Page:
How much money wasted on psychiatric drugs when a vital nutrient is the solution?
How many undiagnosed prisoners are ‘detained at Her Majesty’s pleasure’ for actions and behaviour induced by low B12?
How many patients hospitalised with eating disorders remain undiagnosed with B12 deficiency?
How many patients tested but by clinicians who fail to understand that the B12 serum test is inaccurate?
How many patients rattle with numerous antidepressants given in mega doses due to their reduced efficacy in B12 deficient patients?
The information below is taken from the ‘Fundamental Statistics on Mental Health 2007’
All these statements and statistics have a potential relationship to B12 deficiency and we can only assume that these figures are perhaps even worse now…….
The Fundamental Facts 2007: The Latest Facts and Figures on Mental Health
How many people experience mental health problems?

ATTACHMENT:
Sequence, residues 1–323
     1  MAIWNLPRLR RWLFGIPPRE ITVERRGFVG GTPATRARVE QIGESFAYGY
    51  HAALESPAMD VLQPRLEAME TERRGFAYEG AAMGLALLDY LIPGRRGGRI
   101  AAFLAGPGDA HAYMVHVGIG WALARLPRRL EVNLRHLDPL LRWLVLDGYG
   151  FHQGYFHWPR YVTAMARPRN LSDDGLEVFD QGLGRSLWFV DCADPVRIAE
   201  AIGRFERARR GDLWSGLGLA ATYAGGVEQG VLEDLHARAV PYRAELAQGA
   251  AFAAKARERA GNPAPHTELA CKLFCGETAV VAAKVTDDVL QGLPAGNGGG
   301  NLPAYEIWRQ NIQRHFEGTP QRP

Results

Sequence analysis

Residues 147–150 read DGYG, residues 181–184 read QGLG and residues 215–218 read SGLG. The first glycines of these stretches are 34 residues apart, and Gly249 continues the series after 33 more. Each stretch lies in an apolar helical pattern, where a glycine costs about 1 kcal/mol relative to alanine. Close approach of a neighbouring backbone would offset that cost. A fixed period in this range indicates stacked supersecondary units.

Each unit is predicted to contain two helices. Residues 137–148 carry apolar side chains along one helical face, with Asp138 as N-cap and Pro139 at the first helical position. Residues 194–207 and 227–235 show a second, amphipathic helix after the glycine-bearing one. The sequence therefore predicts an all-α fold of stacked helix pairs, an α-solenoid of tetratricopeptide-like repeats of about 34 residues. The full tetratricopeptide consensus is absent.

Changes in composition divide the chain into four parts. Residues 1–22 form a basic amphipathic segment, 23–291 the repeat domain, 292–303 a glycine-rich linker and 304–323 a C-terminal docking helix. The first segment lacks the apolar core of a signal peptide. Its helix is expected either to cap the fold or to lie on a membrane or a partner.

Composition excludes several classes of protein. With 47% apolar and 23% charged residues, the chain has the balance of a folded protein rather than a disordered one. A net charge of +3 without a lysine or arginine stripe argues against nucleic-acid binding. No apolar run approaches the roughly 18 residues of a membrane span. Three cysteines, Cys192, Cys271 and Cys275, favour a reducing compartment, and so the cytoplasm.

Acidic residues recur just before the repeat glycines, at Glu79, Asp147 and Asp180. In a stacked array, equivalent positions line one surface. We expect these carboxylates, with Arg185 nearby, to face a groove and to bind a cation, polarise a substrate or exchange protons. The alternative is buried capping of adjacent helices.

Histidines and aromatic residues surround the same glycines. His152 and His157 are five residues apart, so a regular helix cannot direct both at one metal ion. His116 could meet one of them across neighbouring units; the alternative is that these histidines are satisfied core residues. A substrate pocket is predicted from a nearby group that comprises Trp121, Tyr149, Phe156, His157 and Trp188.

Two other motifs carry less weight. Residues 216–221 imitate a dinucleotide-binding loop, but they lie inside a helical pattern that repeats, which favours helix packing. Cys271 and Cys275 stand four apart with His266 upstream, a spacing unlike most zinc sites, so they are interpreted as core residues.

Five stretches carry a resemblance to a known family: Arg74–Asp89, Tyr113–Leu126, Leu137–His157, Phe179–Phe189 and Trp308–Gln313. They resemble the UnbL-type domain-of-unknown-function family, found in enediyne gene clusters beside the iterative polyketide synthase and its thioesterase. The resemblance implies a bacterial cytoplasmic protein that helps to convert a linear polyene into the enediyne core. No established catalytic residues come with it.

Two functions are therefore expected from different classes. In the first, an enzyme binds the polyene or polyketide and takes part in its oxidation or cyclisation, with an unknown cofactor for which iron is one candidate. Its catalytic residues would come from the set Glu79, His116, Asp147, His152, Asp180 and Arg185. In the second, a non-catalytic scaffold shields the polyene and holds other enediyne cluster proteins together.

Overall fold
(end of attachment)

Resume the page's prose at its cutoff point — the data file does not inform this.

• The Office for National Statistics Psychiatric Morbidity report found that in any one year 1 in 4 British adults experience at least one mental disorder, and 1 in 6 experiences this at any given time.
• It is estimated that approximately 450 million people worldwide have a mental health problem.
• 1 in 4 families worldwide is likely to have at least one member with a behavioural or mental disorder.
• The World Health Organisation forecasts that by 2020 depression will be the second leading contributor to the global burden of disease.
Suicide and history of using mental health services
• 42% of people who took their own lives in England and Wales were diagnosed with either a depressive illness or bi-polar disorder, and 20% had schizophrenia or a related disorder.